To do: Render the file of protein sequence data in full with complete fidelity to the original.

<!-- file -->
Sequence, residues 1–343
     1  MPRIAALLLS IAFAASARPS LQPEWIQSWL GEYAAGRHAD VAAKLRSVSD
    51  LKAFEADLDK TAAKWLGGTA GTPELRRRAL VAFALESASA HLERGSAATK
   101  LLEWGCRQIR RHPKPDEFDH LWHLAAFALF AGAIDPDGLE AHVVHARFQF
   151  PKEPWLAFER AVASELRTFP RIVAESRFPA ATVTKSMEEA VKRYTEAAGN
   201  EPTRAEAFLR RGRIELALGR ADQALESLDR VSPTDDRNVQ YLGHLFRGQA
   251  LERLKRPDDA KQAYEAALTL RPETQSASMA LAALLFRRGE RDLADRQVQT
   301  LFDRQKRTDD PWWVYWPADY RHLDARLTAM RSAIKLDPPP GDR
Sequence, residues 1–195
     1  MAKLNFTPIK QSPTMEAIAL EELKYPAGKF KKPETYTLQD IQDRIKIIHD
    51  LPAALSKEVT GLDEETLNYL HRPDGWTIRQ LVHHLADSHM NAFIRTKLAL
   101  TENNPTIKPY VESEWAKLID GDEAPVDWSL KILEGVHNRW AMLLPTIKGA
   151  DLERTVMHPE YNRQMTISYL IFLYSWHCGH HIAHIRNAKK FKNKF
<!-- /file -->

Sequence, residues 1–343
     1  MPRIAALLLS IAFAASARPS LQPEWIQSWL GEYAAGRHAD VAAKLRSVSD
    51  LKAFEADLDK TAAKWLGGTA GTPELRRRAL VAFALESASA HLERGSAATK
   101  LLEWGCRQIR RHPKPDEFDH LWHLAAFALF AGAIDPDGLE AHVVHARFQF
   151  PKEPWLAFER AVASELRTFP RIVAESRFPA ATVTKSMEEA VKRYTEAAGN
   201  EPTRAEAFLR RGRIELALGR ADQALESLDR VSPTDDRNVQ YLGHLFRGQA
   251  LERLKRPDDA KQAYEAALTL RPETQSASMA LAALLFRRGE RDLADRQVQT
   301  LFDRQKRTDD PWWVYWPADY RHLDARLTAM RSAIKLDPPP GDR
Sequence, residues 1–195
     1  MAKLNFTPIK QSPTMEAIAL EELKYPAGKF KKPETYTLQD IQDRIKIIHD
    51  LPAALSKEVT GLDEETLNYL HRPDGWTIRQ LVHHLADSHM NAFIRTKLAL
   101  TENNPTIKPY VESEWAKLID GDEAPVDWSL KILEGVHNRW AMLLPTIKGA
   151  DLERTVMHPE YNRQMTISYL IFLYSWHCGH HIAHIRNAKK FKNKF